This Song Won’t Win a Grammy, But May Help Stop a Freeway Project

By Mark Taylor from Rockville, USA [CC BY 2.0], via Wikimedia Commons

May 14, 2018; Next City

“A 73-year-old folk singer testified before the Portland City Council on a freeway construction project—through song,” reports Rachel Kaufman in Next City.

Paul Rippey “serenaded the Portland City Council,” reports the Oregonian. The song, writes Kaufman, was intended as a “musical protest to the Rose Quarter Improvement Project, a $450-million plan to add lanes to Interstate 5. It’s meant to make it easier to drive through the central city. Opponents point out that making it easier to drive will only encourage people to drive more —the phenomenon known as induced demand—and say that the money would be better spent on public transit.

If the project is stopped, it won’t be Portland’s first such successful effort. In 1974, notes Kaufman, Portland became “the first major US city to intentionally remove and not replace an existing highway,” creating what is now a waterfront park. “More recently,” Kaufman adds, “a plan to build a new bridge over the Columbia River was killed in 2014, after skeptics argued that the $2.8-billion project just north of Portland would not adequately address congestion.”

As for the city council, Bike Portland reports that at least two of the five commissioners appeared amused, but “Mayor [Ted] Wheeler … looked a bit uncomfortable and he moved on with the agenda immediately with nary a word of thanks or appreciation.”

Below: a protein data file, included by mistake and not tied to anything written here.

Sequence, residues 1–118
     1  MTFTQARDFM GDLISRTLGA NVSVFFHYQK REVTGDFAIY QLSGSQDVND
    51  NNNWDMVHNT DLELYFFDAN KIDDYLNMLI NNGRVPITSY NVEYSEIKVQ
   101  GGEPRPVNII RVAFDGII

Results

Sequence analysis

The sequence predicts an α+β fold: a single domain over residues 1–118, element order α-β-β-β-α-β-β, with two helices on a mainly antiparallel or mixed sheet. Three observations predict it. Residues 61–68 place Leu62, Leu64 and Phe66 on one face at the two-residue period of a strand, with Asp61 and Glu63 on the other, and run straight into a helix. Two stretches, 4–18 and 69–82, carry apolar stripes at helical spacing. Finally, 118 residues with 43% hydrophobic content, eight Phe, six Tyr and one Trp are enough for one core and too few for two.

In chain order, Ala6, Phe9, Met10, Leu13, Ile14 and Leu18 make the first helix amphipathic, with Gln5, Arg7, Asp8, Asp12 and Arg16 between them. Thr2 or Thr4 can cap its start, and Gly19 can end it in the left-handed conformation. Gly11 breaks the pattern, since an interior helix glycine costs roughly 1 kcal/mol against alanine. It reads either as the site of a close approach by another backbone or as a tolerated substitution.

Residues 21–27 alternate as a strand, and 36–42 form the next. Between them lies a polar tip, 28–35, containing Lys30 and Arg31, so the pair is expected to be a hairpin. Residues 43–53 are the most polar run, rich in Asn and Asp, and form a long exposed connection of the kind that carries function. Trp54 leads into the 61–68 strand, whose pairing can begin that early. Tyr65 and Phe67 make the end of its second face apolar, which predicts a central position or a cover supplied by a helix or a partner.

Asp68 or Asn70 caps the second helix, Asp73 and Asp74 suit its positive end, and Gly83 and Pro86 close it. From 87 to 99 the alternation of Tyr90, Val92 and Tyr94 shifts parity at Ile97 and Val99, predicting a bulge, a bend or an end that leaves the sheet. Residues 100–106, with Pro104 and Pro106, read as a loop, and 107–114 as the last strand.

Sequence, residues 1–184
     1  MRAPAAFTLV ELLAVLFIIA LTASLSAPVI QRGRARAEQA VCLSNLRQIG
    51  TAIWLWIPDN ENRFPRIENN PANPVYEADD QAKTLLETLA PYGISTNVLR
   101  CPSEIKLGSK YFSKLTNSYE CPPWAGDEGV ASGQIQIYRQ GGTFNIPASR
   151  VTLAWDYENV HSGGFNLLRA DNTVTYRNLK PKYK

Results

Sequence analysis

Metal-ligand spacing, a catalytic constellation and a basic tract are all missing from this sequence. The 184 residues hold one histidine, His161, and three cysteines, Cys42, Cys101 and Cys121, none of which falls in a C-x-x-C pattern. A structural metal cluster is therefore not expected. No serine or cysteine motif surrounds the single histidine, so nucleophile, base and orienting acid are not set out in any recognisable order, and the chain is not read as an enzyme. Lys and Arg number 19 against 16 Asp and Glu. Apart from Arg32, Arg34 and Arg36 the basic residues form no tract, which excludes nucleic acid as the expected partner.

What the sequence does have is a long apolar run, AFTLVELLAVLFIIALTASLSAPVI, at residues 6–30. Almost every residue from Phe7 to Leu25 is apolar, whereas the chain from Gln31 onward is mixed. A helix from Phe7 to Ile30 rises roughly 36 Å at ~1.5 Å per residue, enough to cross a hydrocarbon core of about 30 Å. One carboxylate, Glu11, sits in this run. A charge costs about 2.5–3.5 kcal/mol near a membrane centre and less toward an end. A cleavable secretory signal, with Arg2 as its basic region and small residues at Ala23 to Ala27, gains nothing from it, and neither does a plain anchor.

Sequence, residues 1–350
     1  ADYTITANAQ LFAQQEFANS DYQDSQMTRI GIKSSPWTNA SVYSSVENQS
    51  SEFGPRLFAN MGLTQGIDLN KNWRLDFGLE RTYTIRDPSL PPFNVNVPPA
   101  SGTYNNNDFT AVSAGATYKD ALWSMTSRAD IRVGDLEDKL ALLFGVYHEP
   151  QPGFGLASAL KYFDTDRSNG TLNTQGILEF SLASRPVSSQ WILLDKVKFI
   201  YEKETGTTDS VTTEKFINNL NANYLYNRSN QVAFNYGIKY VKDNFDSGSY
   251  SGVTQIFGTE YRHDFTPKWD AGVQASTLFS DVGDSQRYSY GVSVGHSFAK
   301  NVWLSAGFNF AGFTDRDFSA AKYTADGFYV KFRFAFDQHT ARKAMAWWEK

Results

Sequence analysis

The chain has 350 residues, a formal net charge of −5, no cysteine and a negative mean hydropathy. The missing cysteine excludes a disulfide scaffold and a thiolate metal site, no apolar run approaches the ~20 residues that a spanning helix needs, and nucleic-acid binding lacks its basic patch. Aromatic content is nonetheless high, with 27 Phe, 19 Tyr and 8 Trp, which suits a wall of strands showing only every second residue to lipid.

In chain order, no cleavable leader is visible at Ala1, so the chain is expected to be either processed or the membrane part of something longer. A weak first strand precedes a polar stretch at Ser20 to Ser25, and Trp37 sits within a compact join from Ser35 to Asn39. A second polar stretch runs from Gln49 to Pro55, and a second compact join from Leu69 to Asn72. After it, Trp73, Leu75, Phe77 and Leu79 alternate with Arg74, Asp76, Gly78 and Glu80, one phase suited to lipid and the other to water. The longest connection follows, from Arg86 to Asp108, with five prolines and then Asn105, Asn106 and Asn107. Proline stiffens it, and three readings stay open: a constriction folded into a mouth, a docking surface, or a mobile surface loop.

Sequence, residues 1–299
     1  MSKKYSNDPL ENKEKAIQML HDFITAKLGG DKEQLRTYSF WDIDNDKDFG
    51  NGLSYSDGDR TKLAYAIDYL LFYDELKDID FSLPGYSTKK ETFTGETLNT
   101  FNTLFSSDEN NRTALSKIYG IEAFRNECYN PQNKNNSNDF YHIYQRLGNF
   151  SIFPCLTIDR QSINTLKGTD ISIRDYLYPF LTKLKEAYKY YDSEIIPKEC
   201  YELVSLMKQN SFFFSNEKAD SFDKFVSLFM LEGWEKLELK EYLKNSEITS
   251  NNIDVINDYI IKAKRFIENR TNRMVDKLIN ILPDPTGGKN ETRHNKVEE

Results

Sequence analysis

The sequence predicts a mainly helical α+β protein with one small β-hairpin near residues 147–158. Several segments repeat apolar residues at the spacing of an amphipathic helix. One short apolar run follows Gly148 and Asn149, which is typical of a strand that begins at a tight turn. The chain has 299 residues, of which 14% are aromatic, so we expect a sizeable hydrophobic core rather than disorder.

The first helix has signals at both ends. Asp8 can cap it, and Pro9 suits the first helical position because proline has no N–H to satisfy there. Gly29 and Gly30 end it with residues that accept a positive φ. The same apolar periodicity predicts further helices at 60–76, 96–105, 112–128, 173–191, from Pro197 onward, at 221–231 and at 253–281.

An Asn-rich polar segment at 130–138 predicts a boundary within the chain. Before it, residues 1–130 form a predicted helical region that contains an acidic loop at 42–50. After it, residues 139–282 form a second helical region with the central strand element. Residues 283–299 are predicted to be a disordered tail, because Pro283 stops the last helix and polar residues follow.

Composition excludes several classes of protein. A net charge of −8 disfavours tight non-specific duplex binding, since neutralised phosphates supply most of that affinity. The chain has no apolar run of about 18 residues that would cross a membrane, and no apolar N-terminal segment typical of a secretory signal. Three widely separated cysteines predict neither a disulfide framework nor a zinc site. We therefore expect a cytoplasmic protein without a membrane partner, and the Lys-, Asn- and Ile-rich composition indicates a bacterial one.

You can judge for yourself if you watch the embedded Youtube video on the Bike Portland site (the song begins at about 8 minutes, 35 seconds into the meeting).

Induced Demand
In the 60s we built the interstate. In the 70s and 80s they were working great.
In the 90s and aughts we said, “Well, let’s add another lane.” And, now by god, they want to do it again.
But it should be clear the system is broken and adding more lanes is just a futile token.

Because the thing we need to understand is induced demand.

Oh we all like to drive around town, but you can’t help noticing how much it’s slowed down. And adding more lanes is never done, because if we build them they will come.

And the thing we need to understand is induced demand.

I wish Tom McCall was still alive. He tore down Harbor Drive. And now Dennis Buchanan has gone away. He blocked the Mt. Hood Expressway.
But don’t let us ever forget. That these brave people took a lot of shit. People of courage, people of goodwill—well I know we’ve got that kind of leader still!

But the thing they need to understand is induced demand.

Oh I know we’ll need more buses and MAX, that’s just the hard cold facts.
But the way to get the highways off our backs is with a comprehensive congestion tax.

And the thing we need to understand is, induced demand.

In the 60s we built the interstate, let’s stop the madness now before it’s too late.

And the thing we need to understand is, induced demand.

—Steve Dubb